DALLAS (CBS11) – Susanne Calabrette never considered that breast cancer would save her life. But, it did. She was 37 at the time and raising three young daughters—and she was scared.
“I prayed that I could at least make it until my oldest was 18,so she could help her father with the kids,” recalled Calabrette.
Calabrette opted for aggressive treatment and underwent a modified radical mastectomy. “I was like, ‘take my arm if you need to, I need to be here for my girls’.”
She later learned that she had inherited the BRCA2 gene mutation, which increases her risk for other cancers. So decades later, doctors at UT Southwestern’s Harold C. Simmons Comprehensive Cancer Center were watching closely for signs of trouble—and found it.
Calabrette was showing signs of pancreatic cancer.
“The majority of those patients are not going to develop pancreatic cancer,” said Dr. Rebecca Minter. “But, of all the cancers they are at risk for, we hear time and again: this is the cancer they are most fearful of, because there really is not effective treatment if they wait until they develop pancreatic cancer.”
Pancreatic cancer represents 3 percent of cancer cases diagnosed annually. Yet, according to the National Cancer Institute, more people die annually from pancreatic cancer than breast cancer, an estimated 41,780 people. Five-year overall survival rates are currently 7.7 percent, in part, experts say, because there are no effective methods of early detection.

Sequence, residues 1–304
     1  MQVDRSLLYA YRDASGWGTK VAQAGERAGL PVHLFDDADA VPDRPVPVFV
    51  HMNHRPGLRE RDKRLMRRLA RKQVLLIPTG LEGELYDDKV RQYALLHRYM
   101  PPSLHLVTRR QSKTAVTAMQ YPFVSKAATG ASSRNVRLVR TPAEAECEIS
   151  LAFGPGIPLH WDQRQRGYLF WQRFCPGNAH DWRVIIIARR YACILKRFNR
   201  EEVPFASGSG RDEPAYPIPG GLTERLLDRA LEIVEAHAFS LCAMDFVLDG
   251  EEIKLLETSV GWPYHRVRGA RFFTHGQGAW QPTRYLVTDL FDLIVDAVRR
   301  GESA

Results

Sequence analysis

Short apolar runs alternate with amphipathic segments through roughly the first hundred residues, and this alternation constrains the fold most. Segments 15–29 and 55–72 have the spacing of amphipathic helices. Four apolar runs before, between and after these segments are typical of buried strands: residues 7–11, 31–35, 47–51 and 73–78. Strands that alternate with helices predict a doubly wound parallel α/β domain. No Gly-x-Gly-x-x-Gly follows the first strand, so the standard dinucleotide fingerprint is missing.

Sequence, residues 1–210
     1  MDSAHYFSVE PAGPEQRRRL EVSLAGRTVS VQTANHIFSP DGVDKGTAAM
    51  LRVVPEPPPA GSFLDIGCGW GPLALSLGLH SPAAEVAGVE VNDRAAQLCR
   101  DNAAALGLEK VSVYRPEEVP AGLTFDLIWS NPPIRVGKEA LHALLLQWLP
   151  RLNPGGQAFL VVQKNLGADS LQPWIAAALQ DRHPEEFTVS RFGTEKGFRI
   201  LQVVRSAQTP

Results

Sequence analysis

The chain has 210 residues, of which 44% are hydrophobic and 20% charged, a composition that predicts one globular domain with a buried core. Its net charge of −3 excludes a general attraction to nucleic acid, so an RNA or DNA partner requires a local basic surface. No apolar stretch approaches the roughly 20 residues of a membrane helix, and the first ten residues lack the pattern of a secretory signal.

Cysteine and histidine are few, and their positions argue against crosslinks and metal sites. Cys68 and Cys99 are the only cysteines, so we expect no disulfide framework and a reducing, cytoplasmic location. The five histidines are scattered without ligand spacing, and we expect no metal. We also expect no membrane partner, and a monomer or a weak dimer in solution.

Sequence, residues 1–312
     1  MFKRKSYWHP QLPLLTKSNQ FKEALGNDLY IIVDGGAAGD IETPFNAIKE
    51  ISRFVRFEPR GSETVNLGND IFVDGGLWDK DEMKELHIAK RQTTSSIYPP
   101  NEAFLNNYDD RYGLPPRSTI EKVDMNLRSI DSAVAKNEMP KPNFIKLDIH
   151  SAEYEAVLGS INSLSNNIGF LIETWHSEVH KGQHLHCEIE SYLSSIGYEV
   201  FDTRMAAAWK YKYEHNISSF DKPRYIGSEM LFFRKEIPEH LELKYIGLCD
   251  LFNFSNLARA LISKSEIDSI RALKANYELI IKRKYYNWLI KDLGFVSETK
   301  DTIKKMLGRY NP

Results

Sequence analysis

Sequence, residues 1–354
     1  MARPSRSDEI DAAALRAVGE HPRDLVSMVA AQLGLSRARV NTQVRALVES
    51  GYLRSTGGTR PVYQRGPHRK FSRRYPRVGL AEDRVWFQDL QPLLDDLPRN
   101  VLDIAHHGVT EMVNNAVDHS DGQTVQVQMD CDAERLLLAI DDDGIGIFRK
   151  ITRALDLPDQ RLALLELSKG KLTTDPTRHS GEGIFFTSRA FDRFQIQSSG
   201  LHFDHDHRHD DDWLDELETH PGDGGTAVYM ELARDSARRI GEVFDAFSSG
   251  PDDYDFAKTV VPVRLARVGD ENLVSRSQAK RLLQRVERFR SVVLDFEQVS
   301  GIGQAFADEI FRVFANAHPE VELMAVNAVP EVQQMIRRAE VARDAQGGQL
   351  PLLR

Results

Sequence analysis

“It’s quite different from an early diagnosis of breast cancer,” said Dr. Minter, a surgical oncologist and a pancreatic cancer specialist at UT Southwestern. “As we tell all the patients that come to our pancreatic cancer prevention program, we’ve waited too long if we’ve waited until we identify a cancer.”
The Pancreatic Cancer Prevention program debuted at UT Southwestern last year. Dr. Minter, along with colleague Dr. Nisa Kubiliun, gastroenterologist and Director of Endoscopic Services at UT Southwestern, work to monitor, evaluate and treat high risk patients based on a family history of cancer and certain gene mutations. Doctors look for pre-cancer warning signs like pancreatic cysts.
“We were able to do an ultrasound of the pancreas,” said Dr. Minter, “pull some of that fluid out and look at it under a microscope and do additional testing to look for mutations in the test fluid. In Mrs. Calabrette case, the findings were consistent with the type of cyst that can be precancerous and recommended removing a significant portion of the pancreas before she developed an overt cancer.”
Calabrette had 75 percent of her pancreas removed last year and is doing well. The pancreas is a gland involved with digesting food and controlling blood sugar levels so she takes insulin shots daily.
“The doctor said I won the pancreatic cancer lottery– because they found everything before it turned to cancer,” says Calabrette, with a soft laugh.
Calabrette says her three adult daughters also tested positive for the BRCA 2 gene, although none have developed cancer. She says knowledge of the risk has helped them all make better choices.
“I’m living a healthier lifestyle. They definitely live a healthier lifestyle and they’re vigilant in getting their checkups and watching for it, and knowing what they’re going to do if it does happen.”
For now, though, Calabrette is grateful—for the decades old diagnosis that led to the additional screening–and for her husband of nearly 52 years, Joe.
“He has been great. He didn’t sign up for all this,” said Calabrette, her eyes filling with tears. “And I’m very thankful.”
She said they both earned pilot’s licenses over the years and they’re ready to climb back into their hot air balloon and continue enjoying life.
“We’ve had a wonderful life…and we get to have more.”